Effie Vasilopoulos is a Partner and Scott Peterman is a Consultant based in the Hong Kong office of Sidley Austin.
Sidley Austin LLP, a Delaware limited liability partnership, operates in affiliation with other partnerships, including Sidley Austin LLP, an Illinois limited liability partnership, Sidley Austin, an English general partnership (through which the London office operates) and Sidley Austin, a New York general partnership (through which the Hong Kong office operates). The affiliated partnerships are referred to herein collectively as Sidley Austin, Sidley or the firm.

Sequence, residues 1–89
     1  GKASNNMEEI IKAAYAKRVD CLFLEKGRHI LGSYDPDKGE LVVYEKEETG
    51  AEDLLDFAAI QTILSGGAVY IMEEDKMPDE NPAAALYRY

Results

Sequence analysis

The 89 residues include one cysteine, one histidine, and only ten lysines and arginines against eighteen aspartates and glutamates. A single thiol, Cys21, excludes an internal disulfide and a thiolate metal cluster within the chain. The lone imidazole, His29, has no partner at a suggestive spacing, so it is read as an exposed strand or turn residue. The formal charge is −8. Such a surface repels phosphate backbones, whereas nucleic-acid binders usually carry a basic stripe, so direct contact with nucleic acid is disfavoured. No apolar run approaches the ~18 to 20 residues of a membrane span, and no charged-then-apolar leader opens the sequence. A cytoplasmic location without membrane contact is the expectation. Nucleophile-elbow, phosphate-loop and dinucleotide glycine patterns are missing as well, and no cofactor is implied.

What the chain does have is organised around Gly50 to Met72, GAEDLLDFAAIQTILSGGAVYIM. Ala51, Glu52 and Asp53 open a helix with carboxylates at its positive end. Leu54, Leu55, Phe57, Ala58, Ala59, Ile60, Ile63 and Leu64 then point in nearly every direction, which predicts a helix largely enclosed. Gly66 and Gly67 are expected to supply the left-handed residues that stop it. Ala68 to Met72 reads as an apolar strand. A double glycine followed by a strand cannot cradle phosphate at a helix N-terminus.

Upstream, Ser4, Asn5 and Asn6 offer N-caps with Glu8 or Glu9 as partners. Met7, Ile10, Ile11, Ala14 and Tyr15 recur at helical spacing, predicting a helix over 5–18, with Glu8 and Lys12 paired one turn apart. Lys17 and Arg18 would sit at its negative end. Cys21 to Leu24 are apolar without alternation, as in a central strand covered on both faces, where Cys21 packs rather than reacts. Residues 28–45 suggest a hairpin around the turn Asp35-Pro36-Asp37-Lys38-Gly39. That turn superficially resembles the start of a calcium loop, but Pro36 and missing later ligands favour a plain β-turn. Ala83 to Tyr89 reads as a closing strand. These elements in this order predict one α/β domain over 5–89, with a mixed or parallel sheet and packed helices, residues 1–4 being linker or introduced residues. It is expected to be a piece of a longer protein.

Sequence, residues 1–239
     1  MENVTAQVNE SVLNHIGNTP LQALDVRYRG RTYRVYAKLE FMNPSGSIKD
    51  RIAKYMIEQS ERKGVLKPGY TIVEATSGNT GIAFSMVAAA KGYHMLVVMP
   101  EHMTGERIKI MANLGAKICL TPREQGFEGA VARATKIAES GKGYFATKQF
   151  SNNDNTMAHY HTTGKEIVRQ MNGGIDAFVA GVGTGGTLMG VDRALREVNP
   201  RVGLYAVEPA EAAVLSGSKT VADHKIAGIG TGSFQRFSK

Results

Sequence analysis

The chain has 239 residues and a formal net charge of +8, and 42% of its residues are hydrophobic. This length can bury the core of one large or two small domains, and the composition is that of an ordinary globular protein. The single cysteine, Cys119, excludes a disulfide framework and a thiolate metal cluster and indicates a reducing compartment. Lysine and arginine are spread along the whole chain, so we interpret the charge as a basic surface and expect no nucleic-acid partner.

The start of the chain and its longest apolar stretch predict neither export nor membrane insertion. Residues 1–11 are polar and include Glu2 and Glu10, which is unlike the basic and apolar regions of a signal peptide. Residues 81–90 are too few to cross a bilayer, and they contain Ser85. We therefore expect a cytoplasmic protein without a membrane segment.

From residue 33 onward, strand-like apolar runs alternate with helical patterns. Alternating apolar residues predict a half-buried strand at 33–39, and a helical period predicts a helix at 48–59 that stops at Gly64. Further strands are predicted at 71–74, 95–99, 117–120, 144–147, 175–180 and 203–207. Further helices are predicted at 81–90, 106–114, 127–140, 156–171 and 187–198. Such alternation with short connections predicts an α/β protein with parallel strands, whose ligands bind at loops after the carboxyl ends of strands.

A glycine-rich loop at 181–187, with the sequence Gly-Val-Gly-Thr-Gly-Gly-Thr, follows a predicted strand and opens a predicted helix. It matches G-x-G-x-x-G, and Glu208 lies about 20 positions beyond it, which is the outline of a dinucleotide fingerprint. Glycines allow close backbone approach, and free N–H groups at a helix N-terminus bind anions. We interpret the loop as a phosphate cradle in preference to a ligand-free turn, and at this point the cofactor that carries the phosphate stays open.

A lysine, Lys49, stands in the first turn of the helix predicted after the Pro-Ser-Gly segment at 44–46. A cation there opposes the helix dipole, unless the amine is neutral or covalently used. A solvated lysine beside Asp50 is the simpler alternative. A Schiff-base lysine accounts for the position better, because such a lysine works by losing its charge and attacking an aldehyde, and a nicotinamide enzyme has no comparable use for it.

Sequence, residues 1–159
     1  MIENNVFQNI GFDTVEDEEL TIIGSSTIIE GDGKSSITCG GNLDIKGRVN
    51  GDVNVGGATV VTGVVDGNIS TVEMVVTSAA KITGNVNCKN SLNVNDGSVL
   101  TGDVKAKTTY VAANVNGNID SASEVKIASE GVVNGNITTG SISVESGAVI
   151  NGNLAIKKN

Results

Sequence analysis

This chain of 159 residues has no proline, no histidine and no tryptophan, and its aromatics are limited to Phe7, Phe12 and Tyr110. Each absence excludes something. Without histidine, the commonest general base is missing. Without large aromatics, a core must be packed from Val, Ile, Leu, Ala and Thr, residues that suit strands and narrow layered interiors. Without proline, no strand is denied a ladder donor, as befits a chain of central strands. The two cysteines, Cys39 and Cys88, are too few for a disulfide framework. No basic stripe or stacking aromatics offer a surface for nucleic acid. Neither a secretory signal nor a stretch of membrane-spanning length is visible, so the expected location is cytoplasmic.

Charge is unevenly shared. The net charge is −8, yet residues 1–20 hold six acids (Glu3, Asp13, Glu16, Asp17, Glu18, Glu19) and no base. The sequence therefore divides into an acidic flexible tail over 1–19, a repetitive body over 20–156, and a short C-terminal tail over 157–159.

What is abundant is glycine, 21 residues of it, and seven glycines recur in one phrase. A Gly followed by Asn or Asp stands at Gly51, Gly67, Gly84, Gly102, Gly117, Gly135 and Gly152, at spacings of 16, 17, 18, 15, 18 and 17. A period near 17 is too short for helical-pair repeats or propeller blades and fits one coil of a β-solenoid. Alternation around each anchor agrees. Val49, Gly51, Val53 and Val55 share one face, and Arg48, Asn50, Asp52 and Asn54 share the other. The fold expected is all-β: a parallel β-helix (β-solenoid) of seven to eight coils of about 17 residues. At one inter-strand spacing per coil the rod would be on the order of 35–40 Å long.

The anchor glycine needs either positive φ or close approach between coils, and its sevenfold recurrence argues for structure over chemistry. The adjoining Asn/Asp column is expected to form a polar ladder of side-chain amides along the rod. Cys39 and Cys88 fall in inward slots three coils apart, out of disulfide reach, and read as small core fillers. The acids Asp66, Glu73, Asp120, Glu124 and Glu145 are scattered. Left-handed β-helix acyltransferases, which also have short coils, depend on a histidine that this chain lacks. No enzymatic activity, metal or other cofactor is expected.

This has been prepared by Sidley Austin for informational purposes only and does not constitute legal advice. This information is not intended to create, and receipt of it does not constitute, an attorney-client relationship. Readers should not act upon this without seeking professional counsel.